There is probably nothing scientific or accurate in this story. The reporters can do better – it was captured in August, sometime, probably, by some villagers in Bolikhamxay province. This village of course has no name. The person who spotted the animal first, well he has no name either. The conservation team was sent, but we have no idea when they arrived. How long was the animal in captivity? There is so much information missing it leads to a lot of speculation. Did the animal die because it took the team too long to find a village with the animal since no name of the village was specified in the report or what?

    September 17, 2010 at 1:20 pm | Report abuse |
  12. LaDiva

    @ Val
    "Sigh, it hurts my heart when people attempt to undermine science without even trying to understand it. "
    Not at all. I however choose to reject the belief that I came from an ape...
    God created man and all things. He breathed His spirit onto us and gave us dominion over animals, not the other way around.

    September 17, 2010 at 1:21 pm | Report abuse |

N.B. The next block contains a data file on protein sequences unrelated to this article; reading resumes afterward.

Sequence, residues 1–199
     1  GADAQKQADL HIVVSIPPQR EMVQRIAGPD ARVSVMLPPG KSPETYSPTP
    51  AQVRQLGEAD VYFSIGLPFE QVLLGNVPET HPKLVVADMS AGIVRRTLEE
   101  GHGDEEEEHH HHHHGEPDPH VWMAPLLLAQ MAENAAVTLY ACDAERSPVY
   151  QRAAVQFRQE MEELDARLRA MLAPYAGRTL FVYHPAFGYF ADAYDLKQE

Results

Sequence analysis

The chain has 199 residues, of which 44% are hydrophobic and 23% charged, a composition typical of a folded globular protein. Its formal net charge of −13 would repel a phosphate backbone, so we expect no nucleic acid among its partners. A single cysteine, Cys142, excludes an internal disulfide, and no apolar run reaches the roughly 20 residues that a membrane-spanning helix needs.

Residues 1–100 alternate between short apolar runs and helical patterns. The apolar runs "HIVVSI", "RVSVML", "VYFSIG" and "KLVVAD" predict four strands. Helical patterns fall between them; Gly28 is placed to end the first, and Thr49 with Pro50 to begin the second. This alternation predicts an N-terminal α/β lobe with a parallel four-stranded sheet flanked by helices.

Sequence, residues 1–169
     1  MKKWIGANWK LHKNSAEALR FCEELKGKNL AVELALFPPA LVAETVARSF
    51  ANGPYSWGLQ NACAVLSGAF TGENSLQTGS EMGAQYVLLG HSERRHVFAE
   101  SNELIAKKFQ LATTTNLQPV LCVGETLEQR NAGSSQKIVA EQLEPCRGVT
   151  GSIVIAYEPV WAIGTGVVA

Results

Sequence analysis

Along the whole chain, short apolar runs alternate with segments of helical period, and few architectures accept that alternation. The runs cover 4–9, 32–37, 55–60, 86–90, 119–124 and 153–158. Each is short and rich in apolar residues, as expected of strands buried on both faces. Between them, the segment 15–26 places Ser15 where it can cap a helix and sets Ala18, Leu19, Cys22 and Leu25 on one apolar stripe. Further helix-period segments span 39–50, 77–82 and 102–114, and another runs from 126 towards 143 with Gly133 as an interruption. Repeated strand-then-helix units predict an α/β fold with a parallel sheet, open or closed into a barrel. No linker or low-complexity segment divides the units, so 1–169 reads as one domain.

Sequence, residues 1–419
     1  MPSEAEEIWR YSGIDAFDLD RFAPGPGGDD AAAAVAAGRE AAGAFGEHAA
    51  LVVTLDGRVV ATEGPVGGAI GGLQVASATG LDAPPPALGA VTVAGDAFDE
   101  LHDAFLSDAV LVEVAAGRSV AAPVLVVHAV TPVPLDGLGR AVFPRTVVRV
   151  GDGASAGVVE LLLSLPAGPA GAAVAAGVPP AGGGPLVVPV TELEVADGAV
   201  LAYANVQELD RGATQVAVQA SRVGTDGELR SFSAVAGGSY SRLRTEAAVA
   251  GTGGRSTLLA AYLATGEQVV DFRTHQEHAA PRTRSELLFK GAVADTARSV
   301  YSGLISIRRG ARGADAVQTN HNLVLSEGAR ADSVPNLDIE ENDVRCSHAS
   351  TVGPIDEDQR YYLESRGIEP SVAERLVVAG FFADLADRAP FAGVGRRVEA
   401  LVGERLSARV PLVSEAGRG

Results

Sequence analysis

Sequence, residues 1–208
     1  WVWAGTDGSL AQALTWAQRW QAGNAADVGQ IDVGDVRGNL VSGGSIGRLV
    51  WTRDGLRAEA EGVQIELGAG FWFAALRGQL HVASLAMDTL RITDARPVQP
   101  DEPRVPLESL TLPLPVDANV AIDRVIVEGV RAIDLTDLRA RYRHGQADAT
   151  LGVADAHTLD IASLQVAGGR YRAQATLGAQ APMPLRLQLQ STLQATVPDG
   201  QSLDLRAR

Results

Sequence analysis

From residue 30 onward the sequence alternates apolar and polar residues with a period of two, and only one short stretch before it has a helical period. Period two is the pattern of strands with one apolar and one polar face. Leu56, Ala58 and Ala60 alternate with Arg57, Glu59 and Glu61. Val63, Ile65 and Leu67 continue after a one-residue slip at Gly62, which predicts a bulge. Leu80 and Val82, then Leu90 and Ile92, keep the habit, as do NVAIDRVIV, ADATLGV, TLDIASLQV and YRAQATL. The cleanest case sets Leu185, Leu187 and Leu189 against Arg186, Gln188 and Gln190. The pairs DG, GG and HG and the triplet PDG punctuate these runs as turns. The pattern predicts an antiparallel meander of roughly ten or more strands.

• Posh-Kenneth

      @LaDiva- you don't seem any smarter or better than an ape. Maybe you evolved from a goldfish. Freakin useless. Christianity is a prime example of humans taking crap and not giving any credit (Christianty from Paganism). See also "the formation of the United States" where we took from the indians. But I guess since the old man in the sky taking checks and balances on 7 billion people didn't step in either time that its okay to you? You can't believe in evolution but backing an all powerful santa in the sky is alright? Makes perfect sense. #noneatall.

      September 17, 2010 at 2:03 pm | Report abuse |
    • Fubarchaeo

      Really? God gave us the right to do whatever we wish with animals, huh? I really hate this perspective from Christians. It seems like they have an excuse for every single action just because "God" made it so. Can't you see your own ignorance? Do you want your kids' kids to be able to see animals in the wild, or just locked up in a cell somewhere for their entertainment?

      September 17, 2010 at 2:09 pm | Report abuse |
  13. autom

    I wonder what it tastes like.

    September 17, 2010 at 1:25 pm | Report abuse |
  14. beenhad1

    Humans are so ignorant that we take a rare animal from it's habitat, believe some mythical power to be gained from it, lock it up and watch it die. It will be a good day when we go extinct as well since we don't give a damn about anything but our pompus selves.

    September 17, 2010 at 1:25 pm | Report abuse |
  15. Roland

    Most of you folks are dummer than the people that captured it.

    September 17, 2010 at 1:25 pm | Report abuse |